If time and tide allow, descend the hill to where similar rocks can be studied on the foreshore north of Partanhall [NT 958 612]. Here the cross-cutting relationships of the porphyrite intrusions, roughly parallel to the north–south strike of the Silurian greywackes, can be seen, together with a later generation (late Carboniferous-?Permian) of east–west quartz dolerite dykes. On the foreshore at low tide, the northward extension of the faulted Berwick Monocline can be seen with the Carboniferous Cementstone Group on the seaward side.
From the foot of the hill at Partanhall, cross to Burnmouth Harbour [NT 959 609]. Alternatively, return to the vehicle and take the road down to Burnmouth Harbour, or to Cowdrait at the end of the narrow tarred road along the seafront, where there is limited parking for one or two cars or a minibus.
Locality 5, Burnmouth Foreshore [NT 958 611]
At low tide the foreshore section provides continuous exposure over a distance of some 2 km, and involves rough walking and scrambling over vertically dipping and differentially eroded, wet, slippery rocks.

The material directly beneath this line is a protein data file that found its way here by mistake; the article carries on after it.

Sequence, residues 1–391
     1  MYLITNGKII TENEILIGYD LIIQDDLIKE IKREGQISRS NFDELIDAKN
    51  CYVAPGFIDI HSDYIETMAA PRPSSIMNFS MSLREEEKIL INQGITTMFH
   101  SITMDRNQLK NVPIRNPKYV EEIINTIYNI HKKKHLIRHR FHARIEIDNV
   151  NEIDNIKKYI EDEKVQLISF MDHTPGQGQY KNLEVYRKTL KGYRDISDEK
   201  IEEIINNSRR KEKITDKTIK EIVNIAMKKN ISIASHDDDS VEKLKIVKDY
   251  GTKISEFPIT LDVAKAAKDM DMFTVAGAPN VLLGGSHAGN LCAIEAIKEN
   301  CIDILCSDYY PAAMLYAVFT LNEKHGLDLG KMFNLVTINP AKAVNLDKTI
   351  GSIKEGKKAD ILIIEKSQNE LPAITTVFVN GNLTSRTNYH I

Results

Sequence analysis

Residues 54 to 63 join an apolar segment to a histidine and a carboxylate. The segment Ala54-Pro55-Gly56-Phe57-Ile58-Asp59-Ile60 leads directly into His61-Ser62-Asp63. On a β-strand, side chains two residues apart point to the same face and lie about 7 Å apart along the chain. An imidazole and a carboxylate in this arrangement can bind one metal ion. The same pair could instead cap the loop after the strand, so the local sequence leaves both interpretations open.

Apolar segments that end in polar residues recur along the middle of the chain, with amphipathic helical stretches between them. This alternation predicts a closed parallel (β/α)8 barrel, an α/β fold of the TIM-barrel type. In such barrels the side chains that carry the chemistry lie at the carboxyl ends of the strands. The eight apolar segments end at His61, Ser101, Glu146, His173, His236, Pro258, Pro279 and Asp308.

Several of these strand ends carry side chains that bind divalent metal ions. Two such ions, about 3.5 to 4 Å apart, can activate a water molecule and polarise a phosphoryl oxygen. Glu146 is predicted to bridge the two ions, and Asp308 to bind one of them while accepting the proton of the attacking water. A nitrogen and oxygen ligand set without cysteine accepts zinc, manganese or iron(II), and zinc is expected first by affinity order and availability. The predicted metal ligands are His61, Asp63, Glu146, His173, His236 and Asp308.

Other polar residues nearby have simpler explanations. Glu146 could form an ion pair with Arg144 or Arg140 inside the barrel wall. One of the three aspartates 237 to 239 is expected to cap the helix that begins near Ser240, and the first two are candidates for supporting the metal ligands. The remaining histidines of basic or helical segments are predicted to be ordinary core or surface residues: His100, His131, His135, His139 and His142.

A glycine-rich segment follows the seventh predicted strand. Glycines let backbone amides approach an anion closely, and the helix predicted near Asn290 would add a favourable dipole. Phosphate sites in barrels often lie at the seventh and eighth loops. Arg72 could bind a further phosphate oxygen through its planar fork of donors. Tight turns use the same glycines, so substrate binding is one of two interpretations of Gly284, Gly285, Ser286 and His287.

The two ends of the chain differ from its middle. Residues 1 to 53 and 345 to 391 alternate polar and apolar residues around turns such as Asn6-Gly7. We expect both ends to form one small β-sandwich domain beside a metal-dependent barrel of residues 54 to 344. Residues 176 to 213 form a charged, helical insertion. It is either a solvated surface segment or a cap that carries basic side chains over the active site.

The sediments exposed include the Upper Old Red Sandstone and Lower Carboniferous Cementstone Group, overlain by the Fell Sandstone Group (Figure 2.3). The sediments young seawards on the steep northerly limb of the east-facing Berwick Monocline, with the beds vertical to slightly overturned and dipping between 55 and 80° to the west-northwest and west-southwest. The structure is most tightly compressed in the north where it is also more extensively faulted.